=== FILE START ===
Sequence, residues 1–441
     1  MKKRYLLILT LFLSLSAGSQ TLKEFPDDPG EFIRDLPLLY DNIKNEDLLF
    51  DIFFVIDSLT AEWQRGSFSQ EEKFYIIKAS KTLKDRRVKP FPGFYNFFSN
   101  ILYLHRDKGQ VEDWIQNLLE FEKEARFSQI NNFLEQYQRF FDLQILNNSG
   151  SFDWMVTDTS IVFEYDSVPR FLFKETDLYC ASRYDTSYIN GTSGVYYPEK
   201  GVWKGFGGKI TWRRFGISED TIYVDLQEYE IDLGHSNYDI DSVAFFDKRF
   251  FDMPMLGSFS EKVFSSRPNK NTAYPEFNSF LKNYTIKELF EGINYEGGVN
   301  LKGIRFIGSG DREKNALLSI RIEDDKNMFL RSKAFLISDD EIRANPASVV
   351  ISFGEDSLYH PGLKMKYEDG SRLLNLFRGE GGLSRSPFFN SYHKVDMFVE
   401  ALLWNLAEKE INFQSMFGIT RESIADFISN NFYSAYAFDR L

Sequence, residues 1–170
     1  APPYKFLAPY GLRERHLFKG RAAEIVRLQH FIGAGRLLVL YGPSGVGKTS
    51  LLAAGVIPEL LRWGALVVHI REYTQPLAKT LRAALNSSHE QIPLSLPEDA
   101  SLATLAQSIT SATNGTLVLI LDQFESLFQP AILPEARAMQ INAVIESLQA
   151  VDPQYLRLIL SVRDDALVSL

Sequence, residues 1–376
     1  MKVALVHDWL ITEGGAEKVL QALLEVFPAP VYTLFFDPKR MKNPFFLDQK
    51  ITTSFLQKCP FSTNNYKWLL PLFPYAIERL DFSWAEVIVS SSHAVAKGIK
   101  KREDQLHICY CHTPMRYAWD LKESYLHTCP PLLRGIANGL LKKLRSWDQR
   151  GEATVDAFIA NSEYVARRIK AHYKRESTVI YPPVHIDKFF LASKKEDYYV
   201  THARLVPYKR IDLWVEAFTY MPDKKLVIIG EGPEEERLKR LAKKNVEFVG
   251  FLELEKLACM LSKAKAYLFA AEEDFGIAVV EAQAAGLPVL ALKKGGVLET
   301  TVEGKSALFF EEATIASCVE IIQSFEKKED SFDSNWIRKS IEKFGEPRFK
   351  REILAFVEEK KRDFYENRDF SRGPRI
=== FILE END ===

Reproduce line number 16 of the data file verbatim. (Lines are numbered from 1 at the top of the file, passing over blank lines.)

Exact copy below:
Sequence, residues 1–376